University of Connecticut

Events Calendar

PhD Defense

Wednesday, August 16, 2017
10:00am – 12:00pm

Storrs Campus
Physics Building, P121

Adimali Piyadasa, Department of Physics, University of Connecticut

Design and Fabrication of Micro-pillar Based Piezoresistive Flow Sensors

This dissertation is focused on designing, fabricating, and validating a new type of micro-scale gas flow sensors using finite element modeling by COMSOL Multiphysics module, and microfabrication and electrical probing techniques. The designed miniaturized flow sensor fully utilizes the anisotropic piezoresistive property of Silicon micro-pillar arrays that are sensitive and dependent on the geometry selection, density distribution, and chemical doping profile, as predicted by finite element modeling. Change in resistivity tensor due to gas flow induced stress in the piezoresistive layer results in generating of an output voltage proportional to the gas flow rate in the channel, which can be spatially resolved through pillar physical and chemical characteristic design at microscale or even nanoscale. As such, our results show that the Silicon micro-pillar flow sensor can be readily used to not just detect the mass (gas) flow rate, but also differentiate flow components in different directions within a microscale three-dimensional (3D) space. Furthermore, the complementary modeling and experimental study successfully predicts and validates its applicability in measuring 3D local flow fields in high resolution due to its micro-scale dimensions that could be extended to nanoscale regime. With fundamental understanding obtained by the micro-pillar device design, parameter analysis, and the experimental process developed, this study provides a useful and timely guidance in designing and fabricating miniaturized flow sensors with ability to differentiate local flow directional components at high spatial resolution. The micro- or nano-pillar array based flow sensors could find applications in harsh environments such as high pressure, high temperature, and high mass flow conditions in combustion engines, and in integrated micro-electromechanical systems such as lab-on-chip devices.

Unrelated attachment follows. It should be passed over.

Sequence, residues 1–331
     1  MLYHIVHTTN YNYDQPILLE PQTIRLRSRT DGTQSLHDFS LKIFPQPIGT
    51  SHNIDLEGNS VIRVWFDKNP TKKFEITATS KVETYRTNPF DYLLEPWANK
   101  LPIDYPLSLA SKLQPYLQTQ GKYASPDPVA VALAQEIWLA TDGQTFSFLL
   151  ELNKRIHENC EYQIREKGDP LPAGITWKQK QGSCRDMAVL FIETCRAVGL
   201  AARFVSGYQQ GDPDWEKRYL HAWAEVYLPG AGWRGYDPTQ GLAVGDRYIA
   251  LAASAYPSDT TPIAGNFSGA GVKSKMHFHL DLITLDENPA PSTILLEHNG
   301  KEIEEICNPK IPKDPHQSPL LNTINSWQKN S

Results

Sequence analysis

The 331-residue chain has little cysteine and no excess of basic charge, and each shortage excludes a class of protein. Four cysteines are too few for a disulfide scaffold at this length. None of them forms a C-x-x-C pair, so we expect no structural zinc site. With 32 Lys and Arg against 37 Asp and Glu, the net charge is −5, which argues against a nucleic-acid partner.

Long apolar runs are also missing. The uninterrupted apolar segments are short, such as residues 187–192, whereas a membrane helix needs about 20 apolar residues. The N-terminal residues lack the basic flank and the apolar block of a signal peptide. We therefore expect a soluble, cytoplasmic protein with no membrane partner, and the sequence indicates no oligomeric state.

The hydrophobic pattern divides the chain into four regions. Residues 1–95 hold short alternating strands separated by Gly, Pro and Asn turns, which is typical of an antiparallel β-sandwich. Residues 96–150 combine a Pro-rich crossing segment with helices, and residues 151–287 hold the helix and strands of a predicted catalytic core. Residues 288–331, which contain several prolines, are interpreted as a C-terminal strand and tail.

Contact:

Dr. Pu-Xian Gao

Physics Department (primary)

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